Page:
It's sort of like mixing music. If you're really used to doing it, you don't always have to be in the control room in front of your NS10's or JBL studio monitors to tell if a mix is bad, if individual tracks are distorted or if the bottom or top are too much. I can do that with phones or average speakers in a pinch. I wouldn't do a finished mix like that but I'd be confident that I had the good tracks necessary to produce when I was back in my control room.

That's pretty much the same with having confidence in your ability to read the LCD alone if that's all you've got and keeping it all clean and in range for finished grading.
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Old February 7th, 2010, 12:59 AM   #4
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Regarding the Hoodloupe, I wish it had some magnification. It works well when the eye is centered, but go off-center and things get soft quick.

Still, I just can't justify $400 for a VF. I'd rather put that money towards a monitor...
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Old February 7th, 2010, 01:17 AM   #5
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But what good is that without HDMI playback? Have you added the Hoodeye to yours Jon? It really helps you sit on eyepiece which is what it takes to get a fully clear FOV. it works well for me, but I suppose the optics could have some variance too.
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Old February 7th, 2010, 01:45 AM   #6
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Jim thanks for the tip re the "exposing to the right" article. Really great stuff, (I do love a good technical explanation). Here's the link

Expose Right

What are you thoughts on how this may or may not differ in video-land?

Quote:
Originally Posted by Jim Giberti View Post
Still, I get so used to the relative value of the monitoring I'm using that I see that immediately.
I'm not quite operating on this level so I guess my point was that histograms can help you to train you eyes to get you to the point you describe here. Call me a romantic but I really like this idea of training and tuning your senses to be able to use your tools more efficiently rather than simply relying on mechanical aids to get the job done.

Last edited by Ben Denham; February 7th, 2010 at 01:56 AM. Reason: adding information
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Old February 7th, 2010, 03:53 PM   #7
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I disagree (somewhat) with the expose to the right concept - mainly because of the S-curve that Canon applies between the sensor and the recorded video.

Imagine two scenarios...

1) The face is the brightest thing in the picture. With ETTR, the face tones are smashed together at the high end of the S-curve. Sure, you have lots of details in your blacks, but the face will have no subtlety.

2) The face is the darkest thing in the picture. Again, ETTR smashes face tones, though you get details in the sky or other bright area. You have to be willing to light the face or blow out the sky to get good results.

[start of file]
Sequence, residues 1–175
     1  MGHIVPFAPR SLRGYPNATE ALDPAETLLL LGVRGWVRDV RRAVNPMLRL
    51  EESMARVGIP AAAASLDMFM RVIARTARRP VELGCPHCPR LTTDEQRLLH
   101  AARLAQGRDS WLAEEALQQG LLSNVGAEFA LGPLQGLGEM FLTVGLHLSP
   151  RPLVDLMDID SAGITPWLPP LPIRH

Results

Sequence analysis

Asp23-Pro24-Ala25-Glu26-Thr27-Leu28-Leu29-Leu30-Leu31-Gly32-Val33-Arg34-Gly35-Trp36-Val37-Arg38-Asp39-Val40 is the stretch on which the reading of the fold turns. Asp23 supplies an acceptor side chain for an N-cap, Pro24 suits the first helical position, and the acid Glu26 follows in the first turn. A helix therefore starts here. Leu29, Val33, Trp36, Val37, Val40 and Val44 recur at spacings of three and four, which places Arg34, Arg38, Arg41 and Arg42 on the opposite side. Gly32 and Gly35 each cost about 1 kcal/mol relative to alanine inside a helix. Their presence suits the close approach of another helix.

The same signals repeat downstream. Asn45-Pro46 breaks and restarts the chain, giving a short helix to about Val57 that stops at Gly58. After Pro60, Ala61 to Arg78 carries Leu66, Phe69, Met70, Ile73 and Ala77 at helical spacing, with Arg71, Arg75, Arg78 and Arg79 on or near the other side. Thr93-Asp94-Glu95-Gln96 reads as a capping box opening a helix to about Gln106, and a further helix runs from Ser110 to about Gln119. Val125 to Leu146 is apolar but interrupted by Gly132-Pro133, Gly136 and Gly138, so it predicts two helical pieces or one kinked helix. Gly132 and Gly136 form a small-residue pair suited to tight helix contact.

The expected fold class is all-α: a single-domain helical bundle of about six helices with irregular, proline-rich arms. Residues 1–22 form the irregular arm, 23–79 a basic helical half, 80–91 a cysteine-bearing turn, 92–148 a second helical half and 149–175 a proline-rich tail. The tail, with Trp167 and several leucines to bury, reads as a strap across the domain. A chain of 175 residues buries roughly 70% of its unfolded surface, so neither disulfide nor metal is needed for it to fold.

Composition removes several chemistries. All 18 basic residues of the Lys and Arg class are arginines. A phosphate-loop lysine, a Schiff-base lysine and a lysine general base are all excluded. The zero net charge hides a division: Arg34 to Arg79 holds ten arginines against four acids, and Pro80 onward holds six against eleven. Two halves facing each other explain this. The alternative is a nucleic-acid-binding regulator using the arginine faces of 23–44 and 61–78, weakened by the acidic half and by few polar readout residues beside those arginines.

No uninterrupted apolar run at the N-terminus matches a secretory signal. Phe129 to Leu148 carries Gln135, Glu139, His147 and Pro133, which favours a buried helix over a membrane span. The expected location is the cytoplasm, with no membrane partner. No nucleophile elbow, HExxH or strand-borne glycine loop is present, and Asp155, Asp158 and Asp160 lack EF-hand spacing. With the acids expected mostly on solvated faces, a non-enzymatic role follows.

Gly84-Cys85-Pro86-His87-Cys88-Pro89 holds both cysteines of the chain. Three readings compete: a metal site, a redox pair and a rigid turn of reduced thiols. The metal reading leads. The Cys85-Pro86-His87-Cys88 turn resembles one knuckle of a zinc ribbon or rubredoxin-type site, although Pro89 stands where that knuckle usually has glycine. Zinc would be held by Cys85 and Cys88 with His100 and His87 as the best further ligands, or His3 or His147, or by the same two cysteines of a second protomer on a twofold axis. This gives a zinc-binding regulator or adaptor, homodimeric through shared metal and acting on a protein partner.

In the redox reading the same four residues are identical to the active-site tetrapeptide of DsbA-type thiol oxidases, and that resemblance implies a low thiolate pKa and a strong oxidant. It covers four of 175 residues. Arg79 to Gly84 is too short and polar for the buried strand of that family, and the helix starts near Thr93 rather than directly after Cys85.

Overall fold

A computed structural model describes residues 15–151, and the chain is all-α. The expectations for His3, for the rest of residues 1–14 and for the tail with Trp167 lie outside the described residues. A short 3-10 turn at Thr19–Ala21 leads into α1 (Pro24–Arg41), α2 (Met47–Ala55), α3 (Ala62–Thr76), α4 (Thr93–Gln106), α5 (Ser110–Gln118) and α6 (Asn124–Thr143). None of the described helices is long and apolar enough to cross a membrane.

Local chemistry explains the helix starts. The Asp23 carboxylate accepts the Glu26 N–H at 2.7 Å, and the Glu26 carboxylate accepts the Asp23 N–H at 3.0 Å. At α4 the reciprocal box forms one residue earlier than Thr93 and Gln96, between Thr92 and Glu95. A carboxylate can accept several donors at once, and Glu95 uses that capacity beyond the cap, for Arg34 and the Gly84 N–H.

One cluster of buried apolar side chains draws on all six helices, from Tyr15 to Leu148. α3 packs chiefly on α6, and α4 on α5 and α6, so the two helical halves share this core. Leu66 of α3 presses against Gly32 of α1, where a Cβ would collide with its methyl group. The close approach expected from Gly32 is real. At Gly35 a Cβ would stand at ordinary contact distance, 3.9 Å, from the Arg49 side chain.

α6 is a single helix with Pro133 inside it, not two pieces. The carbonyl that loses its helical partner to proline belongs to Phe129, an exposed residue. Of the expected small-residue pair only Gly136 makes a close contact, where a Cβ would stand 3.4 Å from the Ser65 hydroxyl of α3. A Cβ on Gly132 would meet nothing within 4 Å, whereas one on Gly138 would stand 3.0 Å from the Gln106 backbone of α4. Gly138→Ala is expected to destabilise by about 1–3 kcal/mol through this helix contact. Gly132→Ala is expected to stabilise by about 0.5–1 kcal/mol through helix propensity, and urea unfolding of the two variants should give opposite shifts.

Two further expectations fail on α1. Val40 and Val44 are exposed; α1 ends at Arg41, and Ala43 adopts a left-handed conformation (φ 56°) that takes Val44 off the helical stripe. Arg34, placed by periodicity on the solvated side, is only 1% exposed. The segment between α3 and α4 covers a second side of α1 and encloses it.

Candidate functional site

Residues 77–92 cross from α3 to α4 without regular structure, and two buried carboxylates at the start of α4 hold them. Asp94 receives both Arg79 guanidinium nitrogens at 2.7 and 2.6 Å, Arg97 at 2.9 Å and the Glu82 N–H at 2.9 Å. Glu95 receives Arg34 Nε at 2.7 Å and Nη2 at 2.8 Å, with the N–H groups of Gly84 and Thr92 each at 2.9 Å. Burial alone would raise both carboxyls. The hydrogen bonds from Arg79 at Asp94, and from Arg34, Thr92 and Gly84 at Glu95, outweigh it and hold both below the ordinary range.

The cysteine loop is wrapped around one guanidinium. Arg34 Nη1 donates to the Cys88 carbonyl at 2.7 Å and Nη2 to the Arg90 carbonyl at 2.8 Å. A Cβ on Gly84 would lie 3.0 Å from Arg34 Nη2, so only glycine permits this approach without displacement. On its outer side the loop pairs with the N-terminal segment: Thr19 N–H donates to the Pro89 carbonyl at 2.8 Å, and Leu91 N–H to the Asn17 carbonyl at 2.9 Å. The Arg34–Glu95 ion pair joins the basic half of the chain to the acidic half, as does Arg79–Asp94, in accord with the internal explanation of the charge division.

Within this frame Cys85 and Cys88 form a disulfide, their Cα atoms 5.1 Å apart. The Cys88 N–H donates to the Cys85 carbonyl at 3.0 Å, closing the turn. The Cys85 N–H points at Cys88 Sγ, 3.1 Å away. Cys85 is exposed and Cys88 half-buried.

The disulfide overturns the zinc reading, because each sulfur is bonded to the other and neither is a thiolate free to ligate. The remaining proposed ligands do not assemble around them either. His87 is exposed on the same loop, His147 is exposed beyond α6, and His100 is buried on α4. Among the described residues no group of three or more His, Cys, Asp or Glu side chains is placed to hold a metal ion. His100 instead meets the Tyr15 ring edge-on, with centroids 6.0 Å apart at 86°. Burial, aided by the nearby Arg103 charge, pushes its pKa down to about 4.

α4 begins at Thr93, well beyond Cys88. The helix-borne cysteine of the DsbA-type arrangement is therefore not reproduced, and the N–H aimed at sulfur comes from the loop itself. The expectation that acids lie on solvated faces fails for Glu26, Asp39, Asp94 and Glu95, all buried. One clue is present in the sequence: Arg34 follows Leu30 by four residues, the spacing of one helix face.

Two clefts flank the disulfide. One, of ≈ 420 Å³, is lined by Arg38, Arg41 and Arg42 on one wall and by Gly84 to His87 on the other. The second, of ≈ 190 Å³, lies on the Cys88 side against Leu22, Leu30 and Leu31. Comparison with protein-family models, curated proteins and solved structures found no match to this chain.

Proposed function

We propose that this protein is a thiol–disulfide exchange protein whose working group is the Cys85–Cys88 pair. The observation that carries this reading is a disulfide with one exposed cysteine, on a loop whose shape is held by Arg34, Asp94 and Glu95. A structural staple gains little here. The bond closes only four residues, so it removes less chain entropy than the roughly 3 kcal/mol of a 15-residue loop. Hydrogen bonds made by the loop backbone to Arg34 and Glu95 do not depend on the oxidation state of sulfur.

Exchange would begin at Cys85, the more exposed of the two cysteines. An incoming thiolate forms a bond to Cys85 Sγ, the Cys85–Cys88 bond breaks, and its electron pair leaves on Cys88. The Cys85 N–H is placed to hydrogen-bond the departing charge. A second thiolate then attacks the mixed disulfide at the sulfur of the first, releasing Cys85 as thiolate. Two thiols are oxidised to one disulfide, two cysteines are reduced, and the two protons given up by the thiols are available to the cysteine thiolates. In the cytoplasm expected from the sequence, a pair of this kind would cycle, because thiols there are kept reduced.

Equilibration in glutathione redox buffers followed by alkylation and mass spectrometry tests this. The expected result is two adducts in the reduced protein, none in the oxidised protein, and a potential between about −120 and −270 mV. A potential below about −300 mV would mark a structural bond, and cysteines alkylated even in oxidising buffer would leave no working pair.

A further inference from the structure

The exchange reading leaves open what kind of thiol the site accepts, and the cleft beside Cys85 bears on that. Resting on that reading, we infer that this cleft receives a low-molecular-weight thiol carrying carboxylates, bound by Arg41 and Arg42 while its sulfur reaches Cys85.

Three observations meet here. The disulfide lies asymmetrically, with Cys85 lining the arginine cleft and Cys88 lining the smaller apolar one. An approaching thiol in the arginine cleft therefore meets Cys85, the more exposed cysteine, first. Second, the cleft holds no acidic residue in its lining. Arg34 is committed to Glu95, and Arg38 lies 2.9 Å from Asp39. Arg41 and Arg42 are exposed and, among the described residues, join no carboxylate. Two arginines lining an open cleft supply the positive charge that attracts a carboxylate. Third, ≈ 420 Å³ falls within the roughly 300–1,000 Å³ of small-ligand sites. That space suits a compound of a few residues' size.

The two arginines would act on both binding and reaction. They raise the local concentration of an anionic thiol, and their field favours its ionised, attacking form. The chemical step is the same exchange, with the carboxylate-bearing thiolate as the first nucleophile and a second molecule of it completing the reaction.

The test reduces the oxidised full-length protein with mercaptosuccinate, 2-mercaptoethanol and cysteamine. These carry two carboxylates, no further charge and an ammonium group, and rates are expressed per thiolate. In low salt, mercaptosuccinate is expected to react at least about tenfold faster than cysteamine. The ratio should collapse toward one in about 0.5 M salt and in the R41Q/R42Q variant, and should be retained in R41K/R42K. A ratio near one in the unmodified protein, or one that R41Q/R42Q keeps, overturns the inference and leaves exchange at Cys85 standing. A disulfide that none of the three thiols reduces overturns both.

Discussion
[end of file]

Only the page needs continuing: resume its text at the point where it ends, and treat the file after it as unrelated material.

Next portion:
Using Magic Lantern, I like the idea of exposing the faces at 0xb000. It keeps skin tones on the hot side of the linear range. If the sky is blowing out, add lights to the face. If the shadows are dead, give them some fill light.

Personally, I like looking at both the 0xF000 zebras for highlights and the 0xB000 zebras for faces and would like a waveform for checking that shadows aren't overly crushed.

Okay, that's great for narrative, but what about documentary? If it's people-based, expose just for the faces at 0xB000. Let everything else blow out or be dark. It's the faces that matter and you want skin tones to match shot to shot. If it's scenery based (say nature or a car show), then use the 0xF000 zebras and expose to the right. Use your best judgment on selectively blowing things out - like when filming under a tent and there is a sliver a sky showing, go ahead and blow out that sky or a glint of reflection. It's really a judgment thing.

But keep in mind that it's the mid-range that has more subtle detail, not the extremes.
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Old February 7th, 2010, 04:23 PM   #8
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I was specifically referencing his article and photography, I definitely don't adhere to any fixed philosophy with any creative endeavor and don't spend anytime thinking in terms of 0xB000 or 0xF000 either. I compose for the look I'm going for either doc or narrative or commercial.

Obviously in doc, especially the winter sports stuff, it's about grabbing moments, and that's when your eye and judgement are that much more important. I've been in a lot of situations (like the Olympic profiles) where we're shooting around a lot of network people who are covering the events in a totally different way than we are and our footage looks nothing like there's. There stuff has a fixed set of rules for live transmission. We're making a film on a specific athlete and it's much more interpretive with the competitive stuff cut with lifestyle and set work.

My point is more your's Jon in that you use your eye and creative intent to capture the moment (even and more importantly on the fly) and use a histogram or zebra to ensure that you don't blow anything important).

What I was and am trying to say is once you're used to a form of monitoring then you should be able to work from there without technical concerns unless things change radically. And the LCD and Hoodloupe on the lower end of "sophisticated" scale of options are perfectly adequate to judge exposure and focus if you already know how to get those things consistently.